- Write numbers as both words and numerals: ten (10). This will reduce the chance for errors. It makes the numbers stand out. Just make sure the word matches the number.
- When you write “including” consider adding “but not limited to.” Unless you intend the list to be all-inclusive, you had better clarify your intent that it is merely an example.
- Don’t rely on the rules of grammar. The rules of grammar you learned in school are not universal. The judge or jury reading your contract may have learned different rules. Write the contract so that no matter what rules they learned, the contract is clear and unambiguous. Follow this test for clear writing: Remove all periods and commas, then read it. Choosing the right words and placing them in the right order makes the writing clear without punctuation.
- Don’t be creative with words. Contract writing is not creative writing and is not meant to provoke reflective thoughts or controversies about nuances of meaning. Contract writing is clear, direct and precise. Therefore, use common words and common meanings. Write for the common, everyday person.
- Be consistent in using words. If you refer to the subject matter of a sales contract as “goods” use that term throughout the contract; do not alternately call them “goods” and “items.” Maintaining consistency is more important than avoiding repetition. Don’t worry about putting the reader to sleep; worry about the opposing lawyer a year from now hunting for ambiguities to get your contract into court.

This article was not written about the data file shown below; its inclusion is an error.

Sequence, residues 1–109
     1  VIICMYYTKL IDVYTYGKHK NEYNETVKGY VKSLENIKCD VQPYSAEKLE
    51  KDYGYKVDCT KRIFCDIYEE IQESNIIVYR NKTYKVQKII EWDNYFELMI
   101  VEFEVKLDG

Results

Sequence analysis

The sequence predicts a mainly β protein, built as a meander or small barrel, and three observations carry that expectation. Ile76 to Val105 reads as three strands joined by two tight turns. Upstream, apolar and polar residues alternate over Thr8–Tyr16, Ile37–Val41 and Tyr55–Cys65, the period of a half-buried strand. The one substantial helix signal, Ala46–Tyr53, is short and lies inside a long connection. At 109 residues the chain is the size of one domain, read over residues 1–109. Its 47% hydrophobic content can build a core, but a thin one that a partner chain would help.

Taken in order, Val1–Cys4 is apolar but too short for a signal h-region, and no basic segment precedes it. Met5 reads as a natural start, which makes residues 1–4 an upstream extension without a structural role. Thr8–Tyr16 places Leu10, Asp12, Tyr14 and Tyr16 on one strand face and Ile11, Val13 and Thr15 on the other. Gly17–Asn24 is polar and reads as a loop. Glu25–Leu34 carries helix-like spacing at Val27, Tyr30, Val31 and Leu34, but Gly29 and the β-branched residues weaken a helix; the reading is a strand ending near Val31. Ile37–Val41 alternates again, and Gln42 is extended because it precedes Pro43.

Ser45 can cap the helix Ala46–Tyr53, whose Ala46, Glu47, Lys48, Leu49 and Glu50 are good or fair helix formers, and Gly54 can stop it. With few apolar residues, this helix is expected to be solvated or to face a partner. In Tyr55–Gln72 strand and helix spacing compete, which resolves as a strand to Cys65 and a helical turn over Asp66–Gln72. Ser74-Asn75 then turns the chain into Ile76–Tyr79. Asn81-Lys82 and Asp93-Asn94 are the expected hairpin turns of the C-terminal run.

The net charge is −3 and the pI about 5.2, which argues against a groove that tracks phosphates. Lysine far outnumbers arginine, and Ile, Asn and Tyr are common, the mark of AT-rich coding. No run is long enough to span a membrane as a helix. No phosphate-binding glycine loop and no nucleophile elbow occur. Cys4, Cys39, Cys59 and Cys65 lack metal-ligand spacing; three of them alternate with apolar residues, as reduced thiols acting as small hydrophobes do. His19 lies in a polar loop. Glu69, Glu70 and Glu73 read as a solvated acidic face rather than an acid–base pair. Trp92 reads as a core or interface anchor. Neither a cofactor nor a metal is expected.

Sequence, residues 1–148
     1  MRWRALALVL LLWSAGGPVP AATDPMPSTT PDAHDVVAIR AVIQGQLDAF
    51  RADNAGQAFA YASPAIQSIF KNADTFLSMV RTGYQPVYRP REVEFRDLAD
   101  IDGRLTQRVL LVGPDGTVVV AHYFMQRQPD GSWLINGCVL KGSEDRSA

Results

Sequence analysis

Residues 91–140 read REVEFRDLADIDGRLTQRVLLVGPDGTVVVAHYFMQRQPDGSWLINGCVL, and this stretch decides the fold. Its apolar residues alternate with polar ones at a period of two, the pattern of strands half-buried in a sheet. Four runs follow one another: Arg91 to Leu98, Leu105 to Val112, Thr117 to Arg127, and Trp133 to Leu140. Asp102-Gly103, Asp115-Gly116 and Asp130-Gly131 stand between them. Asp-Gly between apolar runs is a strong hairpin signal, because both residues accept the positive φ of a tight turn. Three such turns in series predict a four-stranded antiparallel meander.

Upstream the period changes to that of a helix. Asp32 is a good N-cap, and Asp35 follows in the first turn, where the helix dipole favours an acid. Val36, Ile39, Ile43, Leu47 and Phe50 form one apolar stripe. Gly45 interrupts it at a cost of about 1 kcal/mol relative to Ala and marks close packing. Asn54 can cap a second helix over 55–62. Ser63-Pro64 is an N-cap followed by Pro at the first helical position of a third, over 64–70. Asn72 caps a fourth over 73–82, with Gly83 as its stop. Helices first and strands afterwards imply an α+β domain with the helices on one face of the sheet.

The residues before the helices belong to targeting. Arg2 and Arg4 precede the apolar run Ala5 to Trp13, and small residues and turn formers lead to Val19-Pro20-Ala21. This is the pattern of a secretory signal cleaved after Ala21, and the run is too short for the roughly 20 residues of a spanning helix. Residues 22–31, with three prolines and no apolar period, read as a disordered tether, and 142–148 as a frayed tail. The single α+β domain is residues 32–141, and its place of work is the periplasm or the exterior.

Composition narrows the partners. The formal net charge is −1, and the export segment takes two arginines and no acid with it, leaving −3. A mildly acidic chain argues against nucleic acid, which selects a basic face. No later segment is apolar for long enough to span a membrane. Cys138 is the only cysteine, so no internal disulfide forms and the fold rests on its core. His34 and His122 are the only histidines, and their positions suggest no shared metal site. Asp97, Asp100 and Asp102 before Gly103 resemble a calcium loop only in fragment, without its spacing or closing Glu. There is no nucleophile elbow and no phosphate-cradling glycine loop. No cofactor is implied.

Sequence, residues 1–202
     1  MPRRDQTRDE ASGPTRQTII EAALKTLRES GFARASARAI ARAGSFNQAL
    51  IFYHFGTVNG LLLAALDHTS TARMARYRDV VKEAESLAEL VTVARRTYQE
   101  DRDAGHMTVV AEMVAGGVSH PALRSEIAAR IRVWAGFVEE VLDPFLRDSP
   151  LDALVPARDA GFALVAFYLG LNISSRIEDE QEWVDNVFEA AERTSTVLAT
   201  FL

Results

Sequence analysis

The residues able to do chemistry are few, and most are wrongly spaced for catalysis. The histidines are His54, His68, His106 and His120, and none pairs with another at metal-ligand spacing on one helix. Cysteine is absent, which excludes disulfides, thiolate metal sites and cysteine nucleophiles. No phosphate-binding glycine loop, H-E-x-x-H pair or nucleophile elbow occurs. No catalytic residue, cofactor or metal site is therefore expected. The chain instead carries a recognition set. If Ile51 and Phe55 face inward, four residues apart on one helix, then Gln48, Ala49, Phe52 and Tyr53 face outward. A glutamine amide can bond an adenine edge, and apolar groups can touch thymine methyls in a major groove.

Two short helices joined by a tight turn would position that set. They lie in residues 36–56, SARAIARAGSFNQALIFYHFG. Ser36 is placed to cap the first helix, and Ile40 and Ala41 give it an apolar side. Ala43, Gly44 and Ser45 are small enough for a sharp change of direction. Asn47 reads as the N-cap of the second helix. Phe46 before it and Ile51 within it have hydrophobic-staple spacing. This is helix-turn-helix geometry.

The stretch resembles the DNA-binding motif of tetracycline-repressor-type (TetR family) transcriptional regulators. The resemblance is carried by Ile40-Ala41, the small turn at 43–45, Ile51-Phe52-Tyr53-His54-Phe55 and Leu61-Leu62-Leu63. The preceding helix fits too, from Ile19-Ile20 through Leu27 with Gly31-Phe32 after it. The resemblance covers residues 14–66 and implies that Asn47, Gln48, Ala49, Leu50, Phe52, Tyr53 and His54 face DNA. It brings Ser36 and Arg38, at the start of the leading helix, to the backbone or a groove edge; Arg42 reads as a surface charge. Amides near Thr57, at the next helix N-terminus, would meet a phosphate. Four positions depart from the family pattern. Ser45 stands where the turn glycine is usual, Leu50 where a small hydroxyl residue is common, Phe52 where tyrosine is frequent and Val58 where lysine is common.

- Be consistent in grammar and punctuation. The rules of grammar and punctuation you learned may differ from others, but you’d better be consistent in your use of them. Be aware of such things as where you put ending quote marks, whether you place commas after years and states, whether you capitalize dollar amounts and similar variations in style.
- Consider including choice of law, venue selection, and attorneys’ fees clauses. If your contract gets litigated, you might as well give your client some “ammunition” for the fight.
Write for the Judge and Jury
- Assume the reader is a knowledgeable layman. If your writing is so clear that a layman could understand it, then it is less likely it will end up in court.
- Define a word by capitalizing it and putting it in quotes. Capitalizing a word indicates that you intend it to have a special meaning. The following are two sample clauses for defining terms: